Ever since Apple Inc. (NASDAQ:AAPL) launched the iPhone 6 and iPhone 6 Plus in September, the 4.7-inch model has been outselling its bigger sibling around the world. A recent report revealed that the iPhone 6 outsells the phablet model by 3-to-1 in the United States. A new research conducted by mobile advertising firm AppLovin found that the trend was roughly similar worldwide. The 4.7-inch iPhone accounts for 80% of new iPhone sales globally.
Western countries prefer the iPhone 6
The research revealed that the iPhone 6 Plus sales are strongest in Asia. AppLovin processes over 25 billion ad requests every day. It used its high volume of data for the study. Apple sold more than 10 million units of the iPhone 6 and 6 Plus in their debut weekend, crushing all the previous records. Western countries have shown a clear preference for the 4.7-inch model. But the iPhone 6 Plus is a significant hit in Asian markets.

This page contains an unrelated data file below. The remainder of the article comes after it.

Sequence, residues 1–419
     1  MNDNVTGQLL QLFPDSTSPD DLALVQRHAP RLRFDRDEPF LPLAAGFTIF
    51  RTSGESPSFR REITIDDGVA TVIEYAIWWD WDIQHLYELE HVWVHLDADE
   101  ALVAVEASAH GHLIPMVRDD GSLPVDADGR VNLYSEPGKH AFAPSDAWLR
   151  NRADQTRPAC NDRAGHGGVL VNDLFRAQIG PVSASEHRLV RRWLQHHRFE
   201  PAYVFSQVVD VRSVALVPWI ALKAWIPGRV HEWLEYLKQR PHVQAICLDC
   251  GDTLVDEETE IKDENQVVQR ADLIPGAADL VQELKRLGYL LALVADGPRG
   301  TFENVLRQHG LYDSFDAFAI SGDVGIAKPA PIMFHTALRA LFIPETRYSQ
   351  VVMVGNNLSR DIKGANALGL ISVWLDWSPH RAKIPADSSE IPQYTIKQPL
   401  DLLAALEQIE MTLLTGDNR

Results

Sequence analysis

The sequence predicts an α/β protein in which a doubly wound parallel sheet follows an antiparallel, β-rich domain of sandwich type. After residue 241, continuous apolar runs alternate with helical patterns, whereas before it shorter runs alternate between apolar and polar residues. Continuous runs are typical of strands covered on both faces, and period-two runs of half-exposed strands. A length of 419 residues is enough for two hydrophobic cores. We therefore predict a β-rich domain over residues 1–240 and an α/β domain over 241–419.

In countries such as the U.S., UK, Germany, Australia, Norway, the iPhone 6 Plus accounts of roughly 20% of the new iPhones. But it makes up more than 35% of sales in China, the Philippines, Japan and Vietnam. Phablets are already a rage in Asian markets. AppLovin said South Korea was the only Asian country surveyed where the iPhone 6 Plus adoption is less than 35%. In the home market of Samsung, the iPhone 6/6 Plus split was 71/29. It could be due to fierce competition from Samsung and LG’s Android phablets.
iPhone 6 Plus supply issues might be affecting the ratio
According to research firm IDC, phablet shipments are expected to grow to 318 million units next year, much higher than the 233 million forecast for tablets. However, MacRumors says that the iPhone 6 and 6 Plus split could be “artificially constrained” by shortage of the iPhone 6 Plus. AppLovin tracked sales for 45 days following the launch of new devices.
Apple’s marketing executive Greg Joswiak said at the Code conference last month that the true ratio would be known only after supply shortages have alleviated.
Apple shares inched up 0.50% to $116.89 in early trading Friday.